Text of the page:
We strongly believe that Vishwamitri River and Vadodara city deserve much better. This Tender falls miserably short of this expectation as well as potential. It should be an ideal and exemplary “Smart City”, especially in the era of pandemics and climatic crisis of the 21st Century, that represents the beginning of the Anthropocene Era, a project of such a scope and potential impacts, this is a golden opportunity to rethink and re-plan and design our relationship with Nature. Our city and state can and must help evolve better models of holistic planning and apt designs for sound and inclusive development that other river systems and cities can take inspiration from.

The current situation will gravely worsen if the Vishwamitri River Watershed and Vadodara City, as a collective whole and with the help and coordination with the State, does not take any substantial, participatory, proactive, and accountable initiatives in the right (holistic and inclusive) direction. Hence, we demand that the concerned authorities:

  1. Cancel the Tender in its current form in the wake of the pandemic and other environmental concerns as well as its current lack of understanding about ecological sciences and implications.
  2. Prohibit previously hired consultants form participating or else the purpose of this Tender is defeated.
  3. Implement immediately, in letter and spirit, ‘The Construction and Demolition Waste Management Rules, 2016’ and ‘The Solid Waste Management Rules, 2016’.  We have been raising the questions in this regard and we now need reliable answers and verifiable action on ground. As needed, study and adapt already existing best practices in India and elsewhere to achieve goals of these Rules.
  4. Establish a semi-statutory body, with legal teeth, that would include subject experts (ecologists, geologists, hydrologists, environmental-ecological planners, wetland specialists, landscape architects, legal and legislative specialist, sociologists, investors and such) as well as knowledgeable and experienced members of the community at-large, to guide and monitor the remediation and restoration of the damage done and new development initiatives that the Governments would undertake proactively to improve the quality of the local ecosystems and lives of the citizens of Vadodara and many other communities of life in the Vishwamitri River Watershed area.
  5. Establish a fully functional, effective, and knowledgeable Urban and Environmental / Ecological planning Department in the VUDA and/or VMC that also includes experts from various related fields (such as well-qualified ecologists, environmental and civil engineers, geographers, landscape architects, and urban designers) for ensuring better plans and detailed designs for the city.
  6. Commission for the preparation of a new Feasibility Study that would focus on larger vision and related effective strategies, followed by a DPR for multiple phases of the project as may seem appropriate, building upon the existing data and add new studies as required.
  7. Conduct a Pre-bid meeting to add transparency to the consultant selection procedure.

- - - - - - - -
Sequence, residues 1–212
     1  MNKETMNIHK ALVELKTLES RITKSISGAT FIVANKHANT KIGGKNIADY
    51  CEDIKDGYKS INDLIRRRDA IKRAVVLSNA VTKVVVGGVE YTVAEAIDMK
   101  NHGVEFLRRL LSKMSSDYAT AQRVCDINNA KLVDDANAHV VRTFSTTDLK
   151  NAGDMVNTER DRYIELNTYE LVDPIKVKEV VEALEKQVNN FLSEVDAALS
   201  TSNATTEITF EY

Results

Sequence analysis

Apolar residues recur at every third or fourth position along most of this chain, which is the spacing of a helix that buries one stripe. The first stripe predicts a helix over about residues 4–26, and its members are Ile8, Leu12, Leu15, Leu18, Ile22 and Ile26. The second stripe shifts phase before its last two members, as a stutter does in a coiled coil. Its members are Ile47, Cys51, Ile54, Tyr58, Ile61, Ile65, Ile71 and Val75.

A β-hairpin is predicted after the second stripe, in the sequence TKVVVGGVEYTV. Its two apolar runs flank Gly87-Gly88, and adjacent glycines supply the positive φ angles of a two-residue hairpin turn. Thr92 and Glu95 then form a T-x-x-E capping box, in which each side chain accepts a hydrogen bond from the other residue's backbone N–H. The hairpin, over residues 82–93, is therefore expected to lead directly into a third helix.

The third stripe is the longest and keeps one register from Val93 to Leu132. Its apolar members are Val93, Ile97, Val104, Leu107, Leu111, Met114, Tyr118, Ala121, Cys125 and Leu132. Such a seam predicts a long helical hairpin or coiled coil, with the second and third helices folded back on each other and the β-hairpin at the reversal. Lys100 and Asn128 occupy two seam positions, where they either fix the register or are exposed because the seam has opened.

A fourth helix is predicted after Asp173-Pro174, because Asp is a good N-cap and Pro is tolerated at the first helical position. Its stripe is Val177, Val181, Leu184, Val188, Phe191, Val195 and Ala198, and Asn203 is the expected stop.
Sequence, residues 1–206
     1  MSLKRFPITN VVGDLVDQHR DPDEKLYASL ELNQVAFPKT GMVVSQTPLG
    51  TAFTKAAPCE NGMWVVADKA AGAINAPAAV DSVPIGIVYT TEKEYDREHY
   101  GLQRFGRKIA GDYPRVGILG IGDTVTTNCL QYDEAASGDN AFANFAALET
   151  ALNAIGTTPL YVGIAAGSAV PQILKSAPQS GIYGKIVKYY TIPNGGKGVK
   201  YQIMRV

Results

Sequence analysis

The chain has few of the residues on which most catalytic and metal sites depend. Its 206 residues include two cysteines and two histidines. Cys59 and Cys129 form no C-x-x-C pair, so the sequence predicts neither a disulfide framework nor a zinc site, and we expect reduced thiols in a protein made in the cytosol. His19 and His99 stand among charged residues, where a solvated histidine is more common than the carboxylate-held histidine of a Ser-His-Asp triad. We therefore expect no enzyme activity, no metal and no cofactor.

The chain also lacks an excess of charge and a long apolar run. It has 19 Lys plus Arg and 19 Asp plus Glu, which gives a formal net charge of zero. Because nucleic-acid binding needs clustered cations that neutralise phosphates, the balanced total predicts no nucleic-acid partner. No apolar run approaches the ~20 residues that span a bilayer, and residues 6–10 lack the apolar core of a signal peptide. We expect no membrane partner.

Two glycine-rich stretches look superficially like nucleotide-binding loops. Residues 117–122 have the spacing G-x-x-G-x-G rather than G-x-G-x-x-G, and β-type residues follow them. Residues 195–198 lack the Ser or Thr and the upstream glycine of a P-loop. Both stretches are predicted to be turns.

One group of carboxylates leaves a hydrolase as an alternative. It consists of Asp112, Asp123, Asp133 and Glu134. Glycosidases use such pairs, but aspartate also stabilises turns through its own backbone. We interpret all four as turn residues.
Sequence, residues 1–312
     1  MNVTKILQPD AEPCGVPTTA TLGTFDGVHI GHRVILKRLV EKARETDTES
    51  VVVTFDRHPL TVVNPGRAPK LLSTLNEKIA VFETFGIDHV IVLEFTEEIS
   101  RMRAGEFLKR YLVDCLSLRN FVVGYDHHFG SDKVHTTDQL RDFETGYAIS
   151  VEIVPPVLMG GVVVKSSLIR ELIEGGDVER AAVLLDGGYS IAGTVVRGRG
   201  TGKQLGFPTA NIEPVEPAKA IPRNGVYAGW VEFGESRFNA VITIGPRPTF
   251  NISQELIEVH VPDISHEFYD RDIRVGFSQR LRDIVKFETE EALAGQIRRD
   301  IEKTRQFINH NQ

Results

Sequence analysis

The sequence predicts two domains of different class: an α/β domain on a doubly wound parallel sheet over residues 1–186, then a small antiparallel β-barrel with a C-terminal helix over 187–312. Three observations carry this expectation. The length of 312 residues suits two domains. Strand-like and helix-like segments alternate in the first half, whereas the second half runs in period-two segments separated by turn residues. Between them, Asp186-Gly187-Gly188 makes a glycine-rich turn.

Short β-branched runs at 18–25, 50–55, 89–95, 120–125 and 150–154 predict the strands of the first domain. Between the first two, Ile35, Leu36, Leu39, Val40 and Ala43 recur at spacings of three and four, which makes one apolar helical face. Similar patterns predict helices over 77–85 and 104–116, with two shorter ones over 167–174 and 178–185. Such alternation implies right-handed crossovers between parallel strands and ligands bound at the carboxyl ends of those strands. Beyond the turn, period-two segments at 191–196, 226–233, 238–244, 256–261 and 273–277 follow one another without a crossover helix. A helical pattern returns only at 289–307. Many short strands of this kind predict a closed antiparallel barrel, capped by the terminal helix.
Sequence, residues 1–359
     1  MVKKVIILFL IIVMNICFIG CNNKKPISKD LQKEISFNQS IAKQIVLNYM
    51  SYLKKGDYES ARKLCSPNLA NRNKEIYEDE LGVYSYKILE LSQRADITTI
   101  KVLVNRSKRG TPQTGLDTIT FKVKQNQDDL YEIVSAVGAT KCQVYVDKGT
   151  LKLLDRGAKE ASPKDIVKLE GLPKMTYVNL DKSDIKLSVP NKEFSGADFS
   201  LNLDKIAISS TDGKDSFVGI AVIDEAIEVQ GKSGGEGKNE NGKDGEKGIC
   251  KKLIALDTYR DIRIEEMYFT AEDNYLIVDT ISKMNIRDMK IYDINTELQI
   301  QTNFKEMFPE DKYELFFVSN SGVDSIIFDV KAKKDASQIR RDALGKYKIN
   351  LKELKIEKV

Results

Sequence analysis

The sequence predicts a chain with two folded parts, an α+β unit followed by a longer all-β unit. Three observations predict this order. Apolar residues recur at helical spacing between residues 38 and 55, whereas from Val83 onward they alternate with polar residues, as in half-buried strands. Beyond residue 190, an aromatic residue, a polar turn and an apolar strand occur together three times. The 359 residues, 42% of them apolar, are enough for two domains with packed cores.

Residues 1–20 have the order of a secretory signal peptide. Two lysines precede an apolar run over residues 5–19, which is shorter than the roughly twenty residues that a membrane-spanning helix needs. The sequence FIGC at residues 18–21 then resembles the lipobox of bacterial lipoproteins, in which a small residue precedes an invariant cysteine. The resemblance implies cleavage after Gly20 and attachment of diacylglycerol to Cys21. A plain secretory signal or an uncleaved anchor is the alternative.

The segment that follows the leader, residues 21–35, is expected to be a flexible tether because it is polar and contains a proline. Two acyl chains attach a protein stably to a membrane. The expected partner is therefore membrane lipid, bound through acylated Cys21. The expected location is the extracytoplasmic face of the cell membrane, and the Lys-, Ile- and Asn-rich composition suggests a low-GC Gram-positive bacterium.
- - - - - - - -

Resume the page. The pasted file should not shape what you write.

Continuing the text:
8. Ensure inclusive transparent and democratic processes for all stages of the project.
  9. Work towards bringing about a paradigm shift in the way we envision, govern/administer, and plan our cities and eco-regions.  It is time to redefine administrative boundaries (like wards and districts) according to the boundaries of watersheds and sub-watersheds. Though seemingly difficult, it has been done elsewhere and provides a better model for well-conceived development that honors nature and human aspirations.

We look forward to your positive response and immediate action to protect, restore, enhance, and nurture the environment while following sounder and saner paths to development that will add to the brand value of Vadodara city and River Vishwamitri, nationally and internationally, as well as sense of pride for and responsible actions by the citizens.

Instead of spending our energies and time reacting to the Centre, State, and Local Governments’ initiatives, we are willing to offer our expertise, energies, and time proactively.  We are willing to collaborate with all stakeholders, including the Government departments and bodies, for a better tomorrow for all.

We sincerely hope that all the concerned and responsible government authorities, that aspire to make Vadodara a “Smart City” will go beyond such labels and strive to work with us to make Vadodara and the River Vishwamitri eco-region a timeless, healthy, and happy place, will heed to our inputs and demands at the earliest possible.

*Concerned Citizens of Vadodara

  • Rohit Prajapati, Environment Activist, Researcher, and Writer
  • Deepa Gavali, Wetland Ecologist
  • Arjun Singh Mehta, Biotechnologist
  • Jitendra Gavali, Botanist
  • Neha Sarwate, Environmental and Urban Planner
  • Ranjitsinh Devkar, Zoologist
  • Shishir R. Raval, Landscape Architect and Ecological Planner
  • Shakti Bhatt, Water Resources Expert
  • Hitarth Pandya, Educationist and Writer
  • Jayendra Lakhmapurkar, Hydro-Geologist
  • Rutvik Tank, Civil Engineer and Urban Planner
  • Dhara Patel, Landscape Architect and Architect